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Water torch maintenance


#1

I asked this about a week ago in the ‘getting the best out of a
water torch’ thread, but apparently no one saw it. So I’ll ask again.

My ancient L&R Aqua Torch 2800 needs new electrolyte. I haven’t used
it much until recently, so I haven’t done any maintenance on it since
I got it other than to refill the flux canister. The fill opening is
directly in the center on top, and the machine weighs about 60
pounds so I can’t move it easily.

What’s the best/safest way to get the old electrolyte OUT?

Kathy Johnson
Feathered Gems Jewelry
http://www.featheredgems.com
http://www.fgemz.com


#2

I may be not the best person to comment on this but this is what I
did.

I put lots of paper on all surfaces that I was going to use. Removed
the outer case after making sure that it was not still plugged in to
the power outlet. You may have to unplug the fan.

Next put on lots of safety gear, extra long gloves, face mask and
goggles.

Removed screws holding the sight tube and removed the top connection
of the sight tube from the cell.

Filled a bucket with some water and placed it below the edge of the
machine, then lowered the open end of the sight tube in to the bucket
and let the contents drain out. I thought that putting water in to
the bucket first would mean that from the start the contents were
being diluted.

I then flushed the cell 3 or 4 times with clean water and then
replaced all the sight and pressure tubes.

Before refilling I checked that all joints were sound and did not
look like they would leak.

I then mixed the KOH (Potassium Hydroxide) with the correct amount
of water and filled up very carefully.

Gave the machine a good wipe down with lots of water to remove any
traces of spills if any were made. You could use vinegar to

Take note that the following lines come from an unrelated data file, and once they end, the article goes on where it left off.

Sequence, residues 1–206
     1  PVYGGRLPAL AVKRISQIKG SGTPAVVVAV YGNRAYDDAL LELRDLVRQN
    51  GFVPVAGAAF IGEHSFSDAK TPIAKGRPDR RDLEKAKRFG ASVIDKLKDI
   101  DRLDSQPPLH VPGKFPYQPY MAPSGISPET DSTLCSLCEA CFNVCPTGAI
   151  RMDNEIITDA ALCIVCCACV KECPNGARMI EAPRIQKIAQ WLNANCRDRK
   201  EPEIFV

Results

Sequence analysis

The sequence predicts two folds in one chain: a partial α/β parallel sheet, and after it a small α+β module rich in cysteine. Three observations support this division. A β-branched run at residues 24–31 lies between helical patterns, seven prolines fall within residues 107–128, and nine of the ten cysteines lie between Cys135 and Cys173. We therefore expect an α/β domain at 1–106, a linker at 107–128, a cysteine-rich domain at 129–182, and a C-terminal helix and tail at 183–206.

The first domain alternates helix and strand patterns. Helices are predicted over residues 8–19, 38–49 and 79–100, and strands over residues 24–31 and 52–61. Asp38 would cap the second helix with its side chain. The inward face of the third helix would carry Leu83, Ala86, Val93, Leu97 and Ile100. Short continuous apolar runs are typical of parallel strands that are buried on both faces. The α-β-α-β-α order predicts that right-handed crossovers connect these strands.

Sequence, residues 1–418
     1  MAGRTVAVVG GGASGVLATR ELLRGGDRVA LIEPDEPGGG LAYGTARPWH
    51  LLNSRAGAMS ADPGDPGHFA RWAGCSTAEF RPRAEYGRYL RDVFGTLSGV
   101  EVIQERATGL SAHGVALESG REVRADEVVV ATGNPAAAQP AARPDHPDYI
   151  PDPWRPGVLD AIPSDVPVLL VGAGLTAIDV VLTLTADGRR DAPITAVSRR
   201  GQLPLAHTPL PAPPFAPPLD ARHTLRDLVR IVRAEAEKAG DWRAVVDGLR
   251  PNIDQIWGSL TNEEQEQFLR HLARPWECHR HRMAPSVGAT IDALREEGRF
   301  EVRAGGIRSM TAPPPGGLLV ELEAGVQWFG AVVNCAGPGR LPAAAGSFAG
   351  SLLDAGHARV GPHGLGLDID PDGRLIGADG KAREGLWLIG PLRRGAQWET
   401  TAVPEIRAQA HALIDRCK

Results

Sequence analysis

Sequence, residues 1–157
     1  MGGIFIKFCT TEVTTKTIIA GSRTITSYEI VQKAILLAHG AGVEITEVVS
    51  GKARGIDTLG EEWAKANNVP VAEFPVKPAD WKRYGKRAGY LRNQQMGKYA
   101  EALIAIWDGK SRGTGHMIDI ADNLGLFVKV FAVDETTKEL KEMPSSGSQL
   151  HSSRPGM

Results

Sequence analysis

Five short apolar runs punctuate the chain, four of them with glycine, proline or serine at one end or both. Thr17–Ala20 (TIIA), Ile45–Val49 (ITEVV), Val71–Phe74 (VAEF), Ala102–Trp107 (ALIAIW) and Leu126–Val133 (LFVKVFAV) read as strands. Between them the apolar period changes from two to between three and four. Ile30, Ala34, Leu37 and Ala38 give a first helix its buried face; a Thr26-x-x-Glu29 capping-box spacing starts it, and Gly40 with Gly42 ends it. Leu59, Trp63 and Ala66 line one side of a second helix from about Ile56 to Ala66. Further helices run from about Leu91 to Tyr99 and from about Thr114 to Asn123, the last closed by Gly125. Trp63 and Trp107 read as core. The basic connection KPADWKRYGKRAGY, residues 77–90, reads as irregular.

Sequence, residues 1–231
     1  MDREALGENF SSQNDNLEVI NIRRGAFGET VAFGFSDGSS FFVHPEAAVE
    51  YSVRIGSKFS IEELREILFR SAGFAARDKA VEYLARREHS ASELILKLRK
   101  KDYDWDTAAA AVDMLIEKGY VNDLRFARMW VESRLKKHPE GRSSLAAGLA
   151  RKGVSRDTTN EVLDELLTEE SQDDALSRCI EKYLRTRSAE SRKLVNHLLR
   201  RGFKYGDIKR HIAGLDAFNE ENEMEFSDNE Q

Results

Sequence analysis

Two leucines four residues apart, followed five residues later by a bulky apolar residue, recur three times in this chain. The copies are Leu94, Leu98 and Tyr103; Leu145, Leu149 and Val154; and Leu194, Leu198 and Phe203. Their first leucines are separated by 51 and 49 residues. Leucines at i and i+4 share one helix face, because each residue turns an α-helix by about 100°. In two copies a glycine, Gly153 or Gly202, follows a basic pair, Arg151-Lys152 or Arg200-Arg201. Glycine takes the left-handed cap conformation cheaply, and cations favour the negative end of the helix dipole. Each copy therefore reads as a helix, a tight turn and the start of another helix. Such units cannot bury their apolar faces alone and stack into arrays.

neutralize the alkaline but don’t know how much you should use.
Turned
it on and checked for gas leaks. Then left it running with the torch
turned off and make sure that it did not regas for a few minutes.
Any leaks and the machine will keep switching on to maintain
pressure.

Not sure if you need to open up the cell and what you would clean if
you did.


#3

Dear Ms. Johnson:

We make a different, more advanced hydrogen/oxygen generator, called
the Spirflame[tm]. However, we (I) have quite a lot of experience
with a considerable number of different water welders units which are
no longer produced. Sort of a hobby for me over the years. In regard
to your specific question: What’s the best/safest way to get the old
electrolyte OUT? Under no circumstances should the L&R unit be tilted
to remove the caustic electrolyte. It must be pumped out, with a pump
which can withstand the caustic electrolyte. Rubber gloves and paper
towels, then carefully discarded are also required. If you do not
have this pump, one which will meet the need can be provided. If the
manufacturer no longer has this part (pump), I can supply an
alternative to meet your needs. The unit will need to rinsed out with
distilled water before adding new electrolyte. Please feel free to
call me directly, at 800 499 9933. I would be happy to walk you
through the process if L&R no longer provides support for this unit.

Best Regards,
Gary
Gary W. Miller, Sr. Technical Advisor
800 499 9933 or 203 378 5216
www.spirig.org


#4

Kathy,

What's the best/safest way to get the old electrolyte OUT? 

I don’t really know what it looks like, but when I want to remove
liquids from vessels at work without moving them I siphon it out.
I’m a chemist, so as a matter of principal nothing goes anywhere near
my mouth at work, and to avoid this I simply pre-fill the siphon
hose. Place a waste container next to, and with the bottom lower than
the bottom of the container to be emptied. Get a hose that will reach
to the bottom of both containers and fill it with water. Plug one end
with a finger or thumb, put the other end down to the bottom of the
liquid to be emptied, lower the plugged end to the bottom of the
waste container and remove the finger-plug. It should begin siphon
action immediately. If the electrolyte is dangerous or irritating
wear gloves. Water will work even if the liquid being siphoned is
not miscible, such as gasoline, but it will likely contaminate the
container with some water.